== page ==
Michael was at the sink washing a head of lettuce when she walked into the kitchen. She turned and walked over to the stove examining the pots bubbling on top and smiled in approval. Satisfied she gave him a kiss, a quick peck on the cheek.

"How was your day?" Michael asked peeling off lettuce leaves into a bowl. He sounded sincere, but she could tell he was just being polite.

"Great." Sarah tried to give the word enthusiasm as she opened up a screen on her smartphone. "I convinced the Garcias to take the latest offer on their home. We’ll sign the contract on Monday." She walked over to the refrigerator and pulled out the bottle of chardonnay.

Michael picked up a tomato and began cutting slices of it into the lettuce. "That's wonderful," he finally said, his voice flat. The kitchen was filled with the sound of the knife on the cutting board for about a minute as each of them ignored the other.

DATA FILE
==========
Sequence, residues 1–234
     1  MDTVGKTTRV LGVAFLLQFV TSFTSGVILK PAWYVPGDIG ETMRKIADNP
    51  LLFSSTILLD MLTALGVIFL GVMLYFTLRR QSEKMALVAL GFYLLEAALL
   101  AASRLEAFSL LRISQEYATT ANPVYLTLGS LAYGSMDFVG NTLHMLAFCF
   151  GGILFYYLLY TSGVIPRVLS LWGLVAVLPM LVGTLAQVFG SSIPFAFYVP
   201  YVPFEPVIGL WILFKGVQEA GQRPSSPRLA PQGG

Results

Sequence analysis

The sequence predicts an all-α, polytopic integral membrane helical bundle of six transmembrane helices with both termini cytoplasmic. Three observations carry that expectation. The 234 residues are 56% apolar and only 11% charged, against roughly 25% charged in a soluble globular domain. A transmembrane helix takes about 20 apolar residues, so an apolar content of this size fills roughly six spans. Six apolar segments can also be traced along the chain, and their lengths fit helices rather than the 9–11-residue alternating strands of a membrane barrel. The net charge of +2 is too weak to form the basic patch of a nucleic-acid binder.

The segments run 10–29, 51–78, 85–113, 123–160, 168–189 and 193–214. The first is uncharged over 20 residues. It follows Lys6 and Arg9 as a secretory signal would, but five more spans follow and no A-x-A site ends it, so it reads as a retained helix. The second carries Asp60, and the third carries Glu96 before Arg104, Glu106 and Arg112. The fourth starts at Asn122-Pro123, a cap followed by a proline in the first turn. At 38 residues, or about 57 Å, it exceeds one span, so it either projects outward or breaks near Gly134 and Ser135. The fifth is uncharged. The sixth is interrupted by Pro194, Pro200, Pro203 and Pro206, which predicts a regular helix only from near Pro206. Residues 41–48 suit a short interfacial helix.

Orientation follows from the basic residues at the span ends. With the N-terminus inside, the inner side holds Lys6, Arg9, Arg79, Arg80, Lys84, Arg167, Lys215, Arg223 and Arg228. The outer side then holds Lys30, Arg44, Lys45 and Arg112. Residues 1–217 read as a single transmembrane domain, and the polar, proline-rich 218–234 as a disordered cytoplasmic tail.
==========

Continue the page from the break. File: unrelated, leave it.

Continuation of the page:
"I got Mrs. Swartz’s sketch done," Michael finally said, his voice filled with an excitement that had been absent just a moment before.

Sarah set her phone on the counter and pulled a wine glass down from the rack over the kitchen island. Why does he always have to compete with me, she thought. Does he really think I care about his hobby? It’s not as if he has to work hard like me. Aloud she said, “I bet she was happy with her sketch.”

"Yeah. I don’t know if she was more amazed with the life-like quality, or that I knew how she looked fifty years ago. I had to practically push her out of the studio she was so mesmerized by the sketch."

"Kinda like all your clients." Sarah actually meant it. The one reason she let Michael play at his hobby was that he made money at it with his portraits. Why doesn’t he understand that he isn’t cut out to paint anything else?

Michael walked over to the table setting the salad on the corner. "Even more so. Sort of like your parents' expressions when I did the painting of them." Sarah frowned at Michael as he turned back toward the kitchen.